Competition, not caps, will lower rates
In their desperation to lower premiums, legislators have implemented damage caps on non-economic recovery as a quick-fix solution. Maryland is one of 13 states to place legal limits on the amount people can recover.
In 1989 a Baltimore County Circuit Court judge refused to reduce a jury award of $1.8 million to the victim of a head-on collision in order to comply with the cap. He declared the cap unconstitutional because it disproportionately affected the ability of seriously injured people to recover damages. It is grossly unfair to slap an arbitrary dollar limit on people who sustain profound, lasting injuries that handicap them tragically and force them and their families to endure a lifetime of hardship.
Presently the Circuit Court's decision is being reviewed by the Maryland Court of Appeals, which could reverse the lower court on the constitutionality of the cap on the grounds there was a "rational basis" for it - the belief that a cap would reduce insurance premiums.
Yet it is competition, not caps, that brings down insurance rates. Despite the passage of the cap and other laws limiting medical malpractice liability in 1986 and 1987, Med Mutual, which insures most of the state's doctors, asked for a 10 percent rate increase. The insurer told an outraged legislature that had the cap not been enacted, it would have needed a 25 percent hike.
Damage award caps have an illusionary quick fix appeal. The Court of Appeals could rule such caps are constitutional. But even if they are constitutional, they are not and never will be just.
The writer is a state senator from the 9th District and a lawyer. F
At first reading, Keith Britt's July 5 letter looked good. Let the Japanese invest in projects like Worldbridge in Essex. "Essex needs all the help it can get."
On second reading, however, images of political action committees made in Japan come to mind. PACs buy politicians on the right and on the left throughout America. One example is the way Israeli-American PACs control American foreign and domestic policies. PAC money helps the politician to buy slick advertising and solicit the voters like a prostitute on the street. Reagan's (and Bush's) Lee Atwater proved that votes can be bought.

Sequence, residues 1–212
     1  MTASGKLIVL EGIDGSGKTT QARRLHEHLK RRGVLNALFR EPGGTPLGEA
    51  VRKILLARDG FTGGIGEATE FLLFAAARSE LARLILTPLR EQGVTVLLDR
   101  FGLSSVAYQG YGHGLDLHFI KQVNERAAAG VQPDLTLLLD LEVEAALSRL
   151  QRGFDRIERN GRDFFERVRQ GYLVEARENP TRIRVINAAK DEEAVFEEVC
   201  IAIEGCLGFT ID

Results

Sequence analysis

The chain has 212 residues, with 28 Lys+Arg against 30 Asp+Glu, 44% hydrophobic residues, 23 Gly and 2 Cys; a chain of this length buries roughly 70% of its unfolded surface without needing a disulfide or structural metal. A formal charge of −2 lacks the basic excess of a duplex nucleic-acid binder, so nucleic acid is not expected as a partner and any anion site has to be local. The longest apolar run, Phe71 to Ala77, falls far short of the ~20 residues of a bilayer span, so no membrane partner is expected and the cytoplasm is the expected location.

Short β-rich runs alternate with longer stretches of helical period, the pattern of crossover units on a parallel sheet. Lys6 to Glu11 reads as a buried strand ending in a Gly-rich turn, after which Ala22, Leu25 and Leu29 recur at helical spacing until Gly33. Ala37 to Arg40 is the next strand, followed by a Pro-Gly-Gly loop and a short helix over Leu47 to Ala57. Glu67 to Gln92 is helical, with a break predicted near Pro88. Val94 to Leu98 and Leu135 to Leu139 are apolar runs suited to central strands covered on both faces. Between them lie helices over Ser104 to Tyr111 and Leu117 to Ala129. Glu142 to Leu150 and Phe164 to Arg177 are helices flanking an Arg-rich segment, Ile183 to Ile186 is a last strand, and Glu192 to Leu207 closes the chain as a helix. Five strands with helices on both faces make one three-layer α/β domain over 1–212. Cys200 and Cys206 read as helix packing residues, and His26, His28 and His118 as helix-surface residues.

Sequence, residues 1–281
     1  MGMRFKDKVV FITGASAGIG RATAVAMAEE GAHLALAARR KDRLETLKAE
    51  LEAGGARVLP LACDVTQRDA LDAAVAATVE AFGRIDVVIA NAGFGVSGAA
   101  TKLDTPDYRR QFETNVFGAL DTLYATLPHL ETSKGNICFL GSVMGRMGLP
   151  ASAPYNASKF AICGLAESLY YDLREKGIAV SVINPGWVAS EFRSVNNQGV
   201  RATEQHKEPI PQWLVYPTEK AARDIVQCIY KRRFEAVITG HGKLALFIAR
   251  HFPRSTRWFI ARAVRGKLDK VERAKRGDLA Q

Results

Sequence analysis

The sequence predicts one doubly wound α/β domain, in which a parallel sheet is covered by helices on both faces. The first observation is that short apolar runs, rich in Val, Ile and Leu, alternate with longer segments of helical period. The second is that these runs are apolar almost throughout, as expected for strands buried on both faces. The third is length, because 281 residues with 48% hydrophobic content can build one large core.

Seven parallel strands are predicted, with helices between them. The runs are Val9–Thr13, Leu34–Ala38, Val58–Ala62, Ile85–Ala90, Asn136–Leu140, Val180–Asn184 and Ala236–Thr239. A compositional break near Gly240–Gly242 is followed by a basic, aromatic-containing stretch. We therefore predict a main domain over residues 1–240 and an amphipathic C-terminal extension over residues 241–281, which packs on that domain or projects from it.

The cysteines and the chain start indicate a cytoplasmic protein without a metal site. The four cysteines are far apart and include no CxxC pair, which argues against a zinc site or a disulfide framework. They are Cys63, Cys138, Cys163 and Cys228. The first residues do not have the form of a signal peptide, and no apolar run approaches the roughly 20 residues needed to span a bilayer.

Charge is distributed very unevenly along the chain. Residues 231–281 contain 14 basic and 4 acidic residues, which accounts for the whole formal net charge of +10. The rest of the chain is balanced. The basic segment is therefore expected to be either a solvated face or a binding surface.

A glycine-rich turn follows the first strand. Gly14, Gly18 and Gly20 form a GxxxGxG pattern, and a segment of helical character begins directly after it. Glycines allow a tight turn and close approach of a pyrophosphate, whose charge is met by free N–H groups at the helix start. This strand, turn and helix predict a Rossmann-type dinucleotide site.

Herbert J. Scism
On July 8, Other Voices published a poem by Donna Nesbitt titled "Gilbert Byron." It was a memorial to him following his death, and I would like her to know that another of Byron's fans appreciates the beauty of this small verse ` and thanks her.
Jean C. Bryson
See and be seen
I wish to comment on the letter "Police on foot" (Forum, July 15). I heartily agree with the opinions of a retired Baltimore police sergeant.
The Baltimore City Council must give top priority to putting officers back to patrolling the streets - not in cars, but on foot, night and day.
We must put the fear of the law on streets riddled by dope pushers, dope buyers, rapists, thieves, etc.
Put officers up front on the streets where they can see and be seen. It can be a great help.
Since Marylanders are putting up over $200 million for a new stadium, Governor Schaefer and Eli Jacobs should select a name that encompasses the spirit of the entire Old Line State.
I propose "Chesapeake Yards," because everyone living in Maryland has reaped directly or indirectly the treasures of the Chesapeake Bay.
Further, instead of buying license plates or checking that little box at tax time, a 5-cent "donation" could be charged to every ticket sale to help save the bay. That way, at a time when baseball has become synonymous with profit and gain, Marylanders and our environment could also clean up.
Jenny L. Heinbaugh
Regardless of whether Governor Schaefer and Hilda Mae Snoops spent publicly or privately raised money to repair the governor's mansion, the building had not been repaired for many years. The mansion was in need of repair, and it got the proper attention.
The historic building won't need much repair in the future, and even if it does it won't be at any great cost. Annapolis has many historic buildings, and people should be happy that this one was preserved in time.
Behind the times
I was interested to read Helen Delich Bentley's comment that, "every fair-minded person supports the basic intent of the landmark Civil Rights Act of 1964" in explaining why she voted against the Civil Rights Act of 1991 (Other Voices, July 22). In a quote on the opposite page, George Bush was saying of the same 1964 act that it "violates the constitutional rights of all people."
Of course, Mr. Bush said that 27 years ago; I suspect that today he would agree with Ms. Bentley. And 27 years from now Ms. Bentley's Republican successor will praise the Civil Rights Act of 1991.
That's the trouble with Republican politicians: They damn all Democratic progressive social steps until the value of those steps is seen a quarter-century later.
I suspect that if Mr. Bush and Ms. Bentley had been in Congress in the 1930s, they would have fought Social Security tooth and nail, as most Republican politicians did - for the same reason Ms. Bentley now gives: It hampers Big Business.
John C. Chamberlain